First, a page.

Dan O'Brien: 'As the American dream dies for many, the wave against capitalism could yet wash up on our shores'
Times are changing. They always do. But some periods bring more change than others. There are weeks when decades happen, Vladimir Lenin once wrote.
As it happens, this year marks the 30th anniversary of the fall of the totalitarian system Lenin played such a roll in unleashing on the world. After decades of grinding repression, dictatorship, human rights abuses of all kinds and economic failure, the edifice of communism collapsed within weeks in 1989.
Could 2019 be the year that its rival over the decades - capitalism - suffers a similar sort of crisis?
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That the question would even be posed may seem strange to Irish readers. Ireland's anti-capitalists who long for revolution are a small and motley crew with little electoral support. Moreover, of the big political issues of the day, Ireland's problems are more likely to be caused by the failings of government and the State than by private enterprise and the free market.
While the housing shortage is a mixture of both, endless health failings and scandals lie at the door of the State. The unwillingness of successive governments to stand up to powerful vested interests in order to bring about reform is at the root of the problem.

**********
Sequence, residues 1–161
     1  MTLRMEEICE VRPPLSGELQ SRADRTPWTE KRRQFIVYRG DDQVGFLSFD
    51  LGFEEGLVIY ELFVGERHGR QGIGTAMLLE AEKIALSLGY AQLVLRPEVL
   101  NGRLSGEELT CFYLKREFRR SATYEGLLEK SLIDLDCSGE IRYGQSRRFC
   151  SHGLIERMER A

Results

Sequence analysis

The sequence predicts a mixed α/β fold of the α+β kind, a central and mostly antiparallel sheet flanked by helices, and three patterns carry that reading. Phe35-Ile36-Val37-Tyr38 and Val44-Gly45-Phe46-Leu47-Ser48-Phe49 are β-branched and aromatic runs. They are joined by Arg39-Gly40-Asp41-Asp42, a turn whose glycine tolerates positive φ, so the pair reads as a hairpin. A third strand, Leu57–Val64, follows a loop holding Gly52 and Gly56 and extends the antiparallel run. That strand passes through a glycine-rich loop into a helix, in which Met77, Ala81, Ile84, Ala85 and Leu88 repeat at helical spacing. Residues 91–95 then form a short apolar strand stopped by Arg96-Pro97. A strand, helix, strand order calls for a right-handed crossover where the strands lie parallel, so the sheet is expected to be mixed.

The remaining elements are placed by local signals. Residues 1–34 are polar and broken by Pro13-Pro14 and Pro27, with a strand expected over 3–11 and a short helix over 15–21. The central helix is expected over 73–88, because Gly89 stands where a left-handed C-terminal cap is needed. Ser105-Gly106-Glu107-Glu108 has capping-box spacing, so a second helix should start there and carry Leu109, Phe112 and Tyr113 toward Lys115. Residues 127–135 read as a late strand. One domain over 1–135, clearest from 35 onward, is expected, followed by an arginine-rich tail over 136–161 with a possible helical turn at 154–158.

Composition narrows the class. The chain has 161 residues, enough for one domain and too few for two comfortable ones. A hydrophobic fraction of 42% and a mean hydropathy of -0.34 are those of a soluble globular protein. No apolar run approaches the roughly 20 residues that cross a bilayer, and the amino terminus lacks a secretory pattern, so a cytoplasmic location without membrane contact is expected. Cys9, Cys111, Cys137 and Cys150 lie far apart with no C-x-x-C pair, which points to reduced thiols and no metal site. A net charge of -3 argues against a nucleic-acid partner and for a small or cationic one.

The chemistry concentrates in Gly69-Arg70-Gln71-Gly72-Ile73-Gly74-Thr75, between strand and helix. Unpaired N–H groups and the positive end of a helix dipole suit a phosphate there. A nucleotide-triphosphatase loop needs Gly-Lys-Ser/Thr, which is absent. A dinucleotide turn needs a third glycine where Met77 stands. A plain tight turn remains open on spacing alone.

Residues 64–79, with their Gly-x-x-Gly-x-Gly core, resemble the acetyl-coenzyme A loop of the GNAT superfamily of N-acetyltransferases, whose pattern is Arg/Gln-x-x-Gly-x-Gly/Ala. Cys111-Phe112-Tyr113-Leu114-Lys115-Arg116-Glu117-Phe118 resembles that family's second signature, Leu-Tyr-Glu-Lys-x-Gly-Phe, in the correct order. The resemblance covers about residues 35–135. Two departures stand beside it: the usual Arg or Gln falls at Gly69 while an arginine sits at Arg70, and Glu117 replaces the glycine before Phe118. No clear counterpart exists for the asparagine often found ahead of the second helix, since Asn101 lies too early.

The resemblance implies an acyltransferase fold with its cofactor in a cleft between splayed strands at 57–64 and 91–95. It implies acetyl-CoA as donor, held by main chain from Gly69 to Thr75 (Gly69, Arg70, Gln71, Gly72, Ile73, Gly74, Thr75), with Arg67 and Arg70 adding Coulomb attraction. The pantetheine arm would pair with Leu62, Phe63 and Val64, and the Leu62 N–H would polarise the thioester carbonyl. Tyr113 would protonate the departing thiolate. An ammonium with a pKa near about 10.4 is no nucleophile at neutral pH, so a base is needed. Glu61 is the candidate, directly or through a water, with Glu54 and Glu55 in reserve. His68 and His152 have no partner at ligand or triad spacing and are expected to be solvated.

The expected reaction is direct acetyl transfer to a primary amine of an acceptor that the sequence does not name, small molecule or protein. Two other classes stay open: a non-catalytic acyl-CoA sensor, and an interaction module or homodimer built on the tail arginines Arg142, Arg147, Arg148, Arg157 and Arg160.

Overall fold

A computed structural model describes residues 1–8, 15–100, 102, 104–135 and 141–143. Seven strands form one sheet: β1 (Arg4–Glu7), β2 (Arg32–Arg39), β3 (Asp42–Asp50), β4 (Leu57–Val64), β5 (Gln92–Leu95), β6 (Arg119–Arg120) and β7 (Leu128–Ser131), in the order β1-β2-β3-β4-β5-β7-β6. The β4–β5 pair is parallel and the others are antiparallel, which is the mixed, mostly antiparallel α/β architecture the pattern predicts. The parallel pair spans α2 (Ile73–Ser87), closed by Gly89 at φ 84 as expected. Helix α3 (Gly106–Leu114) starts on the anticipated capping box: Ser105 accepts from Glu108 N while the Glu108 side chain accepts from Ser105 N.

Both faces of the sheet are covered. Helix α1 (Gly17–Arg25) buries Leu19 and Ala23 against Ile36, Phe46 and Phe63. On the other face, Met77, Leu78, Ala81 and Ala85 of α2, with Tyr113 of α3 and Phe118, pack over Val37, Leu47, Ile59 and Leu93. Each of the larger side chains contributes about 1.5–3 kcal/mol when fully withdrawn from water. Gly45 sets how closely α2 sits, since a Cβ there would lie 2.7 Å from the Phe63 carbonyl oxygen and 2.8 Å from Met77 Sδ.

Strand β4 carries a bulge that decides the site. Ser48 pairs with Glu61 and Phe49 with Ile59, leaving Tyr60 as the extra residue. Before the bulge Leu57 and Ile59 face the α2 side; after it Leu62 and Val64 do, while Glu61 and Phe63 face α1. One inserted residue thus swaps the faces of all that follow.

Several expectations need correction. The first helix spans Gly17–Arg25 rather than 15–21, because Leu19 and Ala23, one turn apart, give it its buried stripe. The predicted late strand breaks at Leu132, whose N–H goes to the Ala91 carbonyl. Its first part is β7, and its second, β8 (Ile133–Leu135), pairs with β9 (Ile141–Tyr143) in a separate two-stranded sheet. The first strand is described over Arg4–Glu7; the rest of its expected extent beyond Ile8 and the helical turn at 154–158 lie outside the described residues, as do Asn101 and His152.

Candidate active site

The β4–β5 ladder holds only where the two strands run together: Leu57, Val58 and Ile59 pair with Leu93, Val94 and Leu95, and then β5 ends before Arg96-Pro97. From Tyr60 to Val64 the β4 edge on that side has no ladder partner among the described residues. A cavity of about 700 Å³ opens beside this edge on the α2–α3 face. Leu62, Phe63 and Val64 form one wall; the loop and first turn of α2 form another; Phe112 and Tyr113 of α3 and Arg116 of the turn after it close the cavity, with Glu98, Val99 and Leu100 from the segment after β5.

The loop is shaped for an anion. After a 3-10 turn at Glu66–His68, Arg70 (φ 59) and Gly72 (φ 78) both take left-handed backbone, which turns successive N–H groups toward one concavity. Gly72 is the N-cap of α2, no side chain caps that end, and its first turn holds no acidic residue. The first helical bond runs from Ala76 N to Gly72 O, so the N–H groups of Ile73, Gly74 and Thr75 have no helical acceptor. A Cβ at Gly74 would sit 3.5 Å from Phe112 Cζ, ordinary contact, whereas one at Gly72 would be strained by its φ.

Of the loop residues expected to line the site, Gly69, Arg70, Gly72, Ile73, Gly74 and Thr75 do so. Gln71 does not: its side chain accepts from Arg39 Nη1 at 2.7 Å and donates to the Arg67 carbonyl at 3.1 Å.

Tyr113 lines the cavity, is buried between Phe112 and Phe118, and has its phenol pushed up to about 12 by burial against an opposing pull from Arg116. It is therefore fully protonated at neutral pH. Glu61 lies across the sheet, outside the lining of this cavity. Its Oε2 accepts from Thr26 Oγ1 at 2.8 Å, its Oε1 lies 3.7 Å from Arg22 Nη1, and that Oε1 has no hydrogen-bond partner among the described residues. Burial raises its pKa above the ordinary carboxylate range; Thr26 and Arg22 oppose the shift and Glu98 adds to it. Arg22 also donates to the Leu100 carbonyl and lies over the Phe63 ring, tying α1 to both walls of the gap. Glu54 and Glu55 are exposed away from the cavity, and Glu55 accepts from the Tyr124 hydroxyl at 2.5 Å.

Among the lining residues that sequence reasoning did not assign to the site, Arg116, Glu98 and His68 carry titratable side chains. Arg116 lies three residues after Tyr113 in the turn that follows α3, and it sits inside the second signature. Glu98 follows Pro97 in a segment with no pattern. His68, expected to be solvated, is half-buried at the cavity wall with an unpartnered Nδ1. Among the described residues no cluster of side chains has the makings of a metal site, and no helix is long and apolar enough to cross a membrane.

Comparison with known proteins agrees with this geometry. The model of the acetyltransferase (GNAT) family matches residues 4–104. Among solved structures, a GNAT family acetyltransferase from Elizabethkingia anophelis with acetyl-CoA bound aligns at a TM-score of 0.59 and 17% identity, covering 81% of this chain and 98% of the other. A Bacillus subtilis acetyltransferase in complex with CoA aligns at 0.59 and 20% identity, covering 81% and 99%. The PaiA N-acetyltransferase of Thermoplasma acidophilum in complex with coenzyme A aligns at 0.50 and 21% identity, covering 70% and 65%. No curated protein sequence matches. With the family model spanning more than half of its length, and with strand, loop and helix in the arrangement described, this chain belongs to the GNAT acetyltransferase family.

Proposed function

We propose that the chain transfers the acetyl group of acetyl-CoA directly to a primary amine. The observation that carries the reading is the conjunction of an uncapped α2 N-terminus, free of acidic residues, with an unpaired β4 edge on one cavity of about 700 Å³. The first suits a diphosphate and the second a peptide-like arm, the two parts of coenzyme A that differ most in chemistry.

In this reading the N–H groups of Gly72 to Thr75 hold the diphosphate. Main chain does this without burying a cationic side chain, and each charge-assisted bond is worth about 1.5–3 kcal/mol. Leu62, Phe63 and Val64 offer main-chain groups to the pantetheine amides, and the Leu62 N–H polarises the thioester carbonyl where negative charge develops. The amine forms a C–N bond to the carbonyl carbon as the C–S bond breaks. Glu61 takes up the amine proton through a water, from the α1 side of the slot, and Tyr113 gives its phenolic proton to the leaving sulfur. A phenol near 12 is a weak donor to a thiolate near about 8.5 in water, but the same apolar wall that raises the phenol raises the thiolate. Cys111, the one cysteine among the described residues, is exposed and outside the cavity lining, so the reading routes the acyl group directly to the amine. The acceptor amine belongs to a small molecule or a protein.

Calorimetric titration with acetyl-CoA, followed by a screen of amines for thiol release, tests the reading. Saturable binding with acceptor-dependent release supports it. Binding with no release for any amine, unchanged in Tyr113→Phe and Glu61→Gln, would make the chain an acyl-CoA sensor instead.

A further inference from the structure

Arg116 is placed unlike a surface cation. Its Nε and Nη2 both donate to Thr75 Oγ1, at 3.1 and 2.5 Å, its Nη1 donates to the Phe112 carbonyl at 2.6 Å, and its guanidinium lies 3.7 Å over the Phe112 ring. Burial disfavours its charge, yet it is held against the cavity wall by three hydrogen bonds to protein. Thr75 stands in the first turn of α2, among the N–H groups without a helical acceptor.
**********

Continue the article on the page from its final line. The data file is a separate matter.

The (well-funded) public health system in Ireland is a good example of how State bureaucracies can become laws unto themselves, prioritising insiders' interests over those of the people the system is designed to serve - in this case patients.
If there is little discussion of the 'crisis of capitalism' in Ireland, there is much more in the country that is most identified with free enterprise, entrepreneurship, social mobility and small government.
In recent times, a potentially huge change has taken place in the US. More and more of the biggest names in American business and finance are talking about an urgent need to reform capitalism.
Wall Street financiers are speaking of the "fraying of the American dream" and others warn of "some sort of revolution" if the benefits of boom - the current expansion will become the longest in American history in June - do not start delivering for more Americans.
This debate has emerged in response to the leftward shift of the Democratic Party. That, in turn, has been driven in large part by changing political values of younger generations. A Pew opinion poll last year showed that Americans aged 18 to 29 viewed socialism more favourably than capitalism.
This is quite a change. In the past the labelling of a politician or a policy as 'socialist' in the US would often end any debate.
Unlike in Europe, where people are quick to ask what the government will do about social and economic ills, Americans have traditionally been much more sceptical of the role of the state. Low taxes and small government were widely supported because they kept politicians and bureaucrats out of the way as Americans sought to fulfil the American dream.